Table 1 presents, for the period 1901–2019, the distribution of laureates by field according to the number of years elapsed between the time they publish their prize-winning work and the year at which they receive the Nobel Prize. When the prize-winning research occurs over a period of time, as is often the case, then the midpoint is calculated. Several generalizations can be drawn from Table 1. First, although very few of the laureates (5%) receive the Nobel Prize more than 40 years after the time they published their award-winning work, a significant percentage (18%) receive the award more than 30 years after their most influential publication. Even more of them (25%) have to wait for a period of 21–30 years for recognition. For the majority of laureates (32%) the time delay between the publication of their work and the conferment of a Nobel Prize ranges between 11 and 20 years. A significant percentage of the laureates (25%) receive their award within 10 years after the publication(s) they were awarded it for.
Second, the scientific work of Nobel laureates in medicine tends to be recognized earlier than any other discipline, with an average waiting period of 17 years. In contrast, the economics Nobel laureates tend to wait the longest in order to enjoy the fruits of their accomplishments, since they spend on average 28 years anticipating the Nobel award. This is about 10 years more than the laureates in chemistry and physics have to wait for before Nobel Prize recognition.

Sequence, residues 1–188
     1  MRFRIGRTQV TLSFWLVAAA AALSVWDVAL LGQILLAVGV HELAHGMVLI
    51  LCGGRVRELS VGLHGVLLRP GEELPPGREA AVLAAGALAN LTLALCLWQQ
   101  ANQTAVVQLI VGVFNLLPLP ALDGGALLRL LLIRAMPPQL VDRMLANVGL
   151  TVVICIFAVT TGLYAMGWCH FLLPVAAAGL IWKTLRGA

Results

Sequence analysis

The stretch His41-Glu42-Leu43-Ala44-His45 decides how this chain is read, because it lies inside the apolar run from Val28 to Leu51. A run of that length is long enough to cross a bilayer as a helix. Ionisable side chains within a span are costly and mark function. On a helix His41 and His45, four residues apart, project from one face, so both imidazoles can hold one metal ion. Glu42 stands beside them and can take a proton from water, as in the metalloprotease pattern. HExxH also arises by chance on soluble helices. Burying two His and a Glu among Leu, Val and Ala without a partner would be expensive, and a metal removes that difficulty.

Third, in economics, the largest portion of laureates (45%) had to wait for 21–30 years from their most prominent work to pass before they received a call from Sweden. In the other three disciplines examined, the highest proportion of laureates only has to wait a shorter period (i.e., 11–20 years) before their award. Furthermore, after three decades have passed from the publication of their most important work, more than 80% of all laureates in chemistry, medicine, and physics had already received the award. By contrast, in economics, about 50% of the laureates would have to wait for an additional decade or two before they are named as Nobel Prize winners. In this field, moreover, none of the laureates receive the Nobel Prize within 10 years of their prize-winning work, while in chemistry, medicine, and physics, the proportion of awards within a decade are 24%, 29%, and 31%, respectively.
As noted in Becattini et al. (2014), the time lag between work and recognition has been continuously increasing ever since the commencement of the Nobel Prizes. In order to examine this particular claim in depth, Table 2 reports the number of years elapsed between the publication of the prize-winning work and the Nobel Prize conferment, separately for each decade. The numbers in Table 2 provide evidence that the time lag between laureates’ work and recognition has been increasing ever since the decade of 1951–1960 for all disciplines examined, with the notable exception of economics. More specifically, for the Nobel laureates in chemistry, the average time gap between work and award has increased from 16 years in 1951–1960 to 30 years in 2010–2019, while in physics the time gap per decade goes from 12 years in 1951–1960 to 28 years in 2010–2019. For the Nobel laureates in medicine, the average time gap has increased from 13 years in 1951–1960 to 29 years in 2010–2019. In contrast, for the economics Nobel laureates, the average time gap between publication of landmark pieces of work and the obtainment of the Nobel Prize has remained relatively steady over the decades, ranging from 30 to 34 years for the entire period examined.